Second, I must remind you of Mr Thomas Jefferson, who very famously wrote that “The government which governs best is that which governs least.” Mr Jefferson did do service as the President of the United States of America, which makes your claim that no ruler ever considered non-action correct empirically wrong.

At this point I do ask you again to remember that Lao-Tzu probably did not intend his work to be holy scripture or dogmatic, but rather generalized wisdom. In this sense, whether there is objective truth to Lao-Tzu’s understanding of goodness in non-action, it does represent his opinion on the matter, which clearly aligns with that of Mr Jefferson.

Your last two paragraphs, however, present the most interest to me. You enter into forever-discussed philosophical realms when you say that “no butterfly is ever known to have questioned whether or not he was a butterfly, much less recorded such a predicament, it is probably safe to assume that you are Chou and not the butterfly,” you have effectively entered into the domain of a very important question about the nature of consciousness. It is my fervent belief that just because no recording exists of an act does not mean it has not happened. I have to question the logic regarding your safe assumption, and I must ask exactly how safe that assumption is. The fact is that I have personally experienced things, especially things that occur solely within my own consciousness, that have not been recorded and that, as far as I’m aware, no mortal but myself knows. These things have still happened.

But that point is broader than that which is a direct criticism of Chuang-Tzu. To understand what Chuang-Tzu has written, an understand of the Chinese in which it was written is necessary. The ancient Chinese language does not give its words hard-and-fast definitions, and the ancient Chinese form of constructing sentences does not work in the blueprint-specificities with which we are familiar. Ancient Chinese was a more archaic, organic, flowing sort of communication device. It conveyed broad ideas and romantic brush-strokes. Further, Taoists dabble in one of the more interesting philosophical hallmarks of Hinduism and Buddhism: the ego illusion. This, actually, is the deep root of Chuang-Tzu’s metaphor here.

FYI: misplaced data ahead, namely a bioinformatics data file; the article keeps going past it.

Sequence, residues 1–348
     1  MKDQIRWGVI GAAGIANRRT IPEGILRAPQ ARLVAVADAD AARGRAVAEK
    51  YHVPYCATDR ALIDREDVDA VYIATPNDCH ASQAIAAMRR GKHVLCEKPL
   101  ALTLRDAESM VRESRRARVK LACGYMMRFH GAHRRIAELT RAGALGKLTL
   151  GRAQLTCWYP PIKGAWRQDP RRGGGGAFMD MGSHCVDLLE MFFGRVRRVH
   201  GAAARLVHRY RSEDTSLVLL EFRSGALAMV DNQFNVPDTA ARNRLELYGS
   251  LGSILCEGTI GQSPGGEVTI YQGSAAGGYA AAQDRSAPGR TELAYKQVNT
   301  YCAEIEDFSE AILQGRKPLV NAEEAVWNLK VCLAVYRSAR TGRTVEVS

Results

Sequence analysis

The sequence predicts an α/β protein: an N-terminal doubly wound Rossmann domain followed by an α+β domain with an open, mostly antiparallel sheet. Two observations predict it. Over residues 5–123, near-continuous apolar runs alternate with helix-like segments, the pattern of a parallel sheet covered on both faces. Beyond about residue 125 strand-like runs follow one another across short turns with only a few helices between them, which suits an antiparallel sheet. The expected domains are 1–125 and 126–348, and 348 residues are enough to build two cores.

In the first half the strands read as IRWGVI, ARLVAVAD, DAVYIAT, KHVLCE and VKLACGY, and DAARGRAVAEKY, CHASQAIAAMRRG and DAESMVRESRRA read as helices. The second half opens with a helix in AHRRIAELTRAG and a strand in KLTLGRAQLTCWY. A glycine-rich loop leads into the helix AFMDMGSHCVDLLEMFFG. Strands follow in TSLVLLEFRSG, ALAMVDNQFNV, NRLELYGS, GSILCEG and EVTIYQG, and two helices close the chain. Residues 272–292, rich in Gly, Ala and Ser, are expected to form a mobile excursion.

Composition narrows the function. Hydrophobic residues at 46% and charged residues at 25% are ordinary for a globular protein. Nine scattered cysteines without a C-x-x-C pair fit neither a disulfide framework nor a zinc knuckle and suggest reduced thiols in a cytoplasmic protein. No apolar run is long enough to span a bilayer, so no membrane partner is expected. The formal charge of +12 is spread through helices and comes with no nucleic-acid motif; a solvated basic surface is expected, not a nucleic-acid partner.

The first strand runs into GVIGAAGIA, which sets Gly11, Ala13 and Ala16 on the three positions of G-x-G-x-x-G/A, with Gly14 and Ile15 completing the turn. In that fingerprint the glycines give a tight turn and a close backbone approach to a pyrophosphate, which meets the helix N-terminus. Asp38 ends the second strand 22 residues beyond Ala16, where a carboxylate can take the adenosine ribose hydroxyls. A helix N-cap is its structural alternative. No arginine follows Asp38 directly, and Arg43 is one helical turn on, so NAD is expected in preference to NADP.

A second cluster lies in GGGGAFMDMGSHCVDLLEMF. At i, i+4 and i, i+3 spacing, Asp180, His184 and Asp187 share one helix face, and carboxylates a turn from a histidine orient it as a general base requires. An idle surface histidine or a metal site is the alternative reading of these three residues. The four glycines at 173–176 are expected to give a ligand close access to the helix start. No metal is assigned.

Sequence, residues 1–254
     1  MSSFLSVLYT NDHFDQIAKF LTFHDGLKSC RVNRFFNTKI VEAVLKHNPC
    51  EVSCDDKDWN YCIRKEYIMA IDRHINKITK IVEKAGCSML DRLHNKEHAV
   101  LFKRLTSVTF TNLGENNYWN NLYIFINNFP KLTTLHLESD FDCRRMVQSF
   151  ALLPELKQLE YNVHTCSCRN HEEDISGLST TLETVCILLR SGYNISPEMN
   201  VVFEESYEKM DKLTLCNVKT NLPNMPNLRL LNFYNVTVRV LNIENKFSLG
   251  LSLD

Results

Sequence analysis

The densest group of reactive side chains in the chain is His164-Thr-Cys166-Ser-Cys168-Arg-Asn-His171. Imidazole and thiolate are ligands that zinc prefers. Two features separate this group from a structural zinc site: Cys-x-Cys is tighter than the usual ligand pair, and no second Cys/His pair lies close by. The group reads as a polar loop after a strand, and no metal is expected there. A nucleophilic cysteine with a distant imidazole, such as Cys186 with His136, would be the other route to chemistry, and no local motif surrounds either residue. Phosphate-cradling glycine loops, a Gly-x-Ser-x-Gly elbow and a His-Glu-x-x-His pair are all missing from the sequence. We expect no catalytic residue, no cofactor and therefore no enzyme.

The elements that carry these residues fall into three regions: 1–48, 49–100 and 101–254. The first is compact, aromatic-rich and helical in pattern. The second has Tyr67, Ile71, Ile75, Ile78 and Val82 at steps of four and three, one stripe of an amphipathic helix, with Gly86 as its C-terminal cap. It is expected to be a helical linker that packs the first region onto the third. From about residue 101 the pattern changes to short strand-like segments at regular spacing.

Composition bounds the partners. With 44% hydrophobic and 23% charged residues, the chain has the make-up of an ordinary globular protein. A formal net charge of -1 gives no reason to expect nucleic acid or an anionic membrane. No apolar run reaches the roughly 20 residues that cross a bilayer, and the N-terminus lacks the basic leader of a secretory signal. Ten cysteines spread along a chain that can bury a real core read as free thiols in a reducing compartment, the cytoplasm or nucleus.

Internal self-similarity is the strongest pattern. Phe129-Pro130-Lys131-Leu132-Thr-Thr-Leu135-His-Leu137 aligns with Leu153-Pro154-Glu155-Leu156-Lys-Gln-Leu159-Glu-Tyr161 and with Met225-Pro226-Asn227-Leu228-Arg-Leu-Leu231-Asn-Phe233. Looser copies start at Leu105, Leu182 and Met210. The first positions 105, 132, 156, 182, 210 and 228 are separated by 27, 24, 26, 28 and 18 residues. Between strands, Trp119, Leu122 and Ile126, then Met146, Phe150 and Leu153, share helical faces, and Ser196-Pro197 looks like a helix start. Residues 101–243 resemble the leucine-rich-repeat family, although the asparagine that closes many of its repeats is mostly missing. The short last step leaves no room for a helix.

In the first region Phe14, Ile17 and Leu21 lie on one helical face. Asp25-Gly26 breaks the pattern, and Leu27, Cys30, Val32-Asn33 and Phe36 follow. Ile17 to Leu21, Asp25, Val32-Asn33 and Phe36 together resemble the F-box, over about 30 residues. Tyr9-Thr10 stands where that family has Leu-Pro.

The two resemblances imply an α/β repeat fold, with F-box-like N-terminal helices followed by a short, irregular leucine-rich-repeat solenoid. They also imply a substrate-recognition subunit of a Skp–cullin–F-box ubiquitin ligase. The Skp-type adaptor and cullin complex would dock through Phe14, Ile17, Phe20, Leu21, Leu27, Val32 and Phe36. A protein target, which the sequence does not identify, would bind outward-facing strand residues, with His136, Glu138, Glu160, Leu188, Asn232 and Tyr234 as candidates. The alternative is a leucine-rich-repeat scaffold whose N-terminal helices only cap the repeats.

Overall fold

A discussion of the nature of the ego illusion is something that is REALLY for another letter, seeing as how this one is already on its third page. But suffice it to say that the Taoists believe in a unity of things. To the Taoist, separation between entities is not a necessity. When Chuang-Tzu questions whether he was Chou or a butterfly, he is entering into discussion on relative space. Alan Watts, in a lecture on Taoism, once said that, in a vacuum, without a point of positive reference, it is impossible to tell which of two objects move. That is to say, if you construct a hypothetical space with no zero-point of origination, and place within it two separate objects occupying different portions of that space, and one of them moves, it is objectively impossible to tell which one is moving. This is a very real and important point that is quite important, even outside of philosophy. Physicists often employ this truth when dealing with moving bodies—it can sometimes be easier to assume that the more complex body is stationary and a simpler body is moving. When one performs the calculations, we would get the same result with either one moving, but one calculation is simply easier to perform.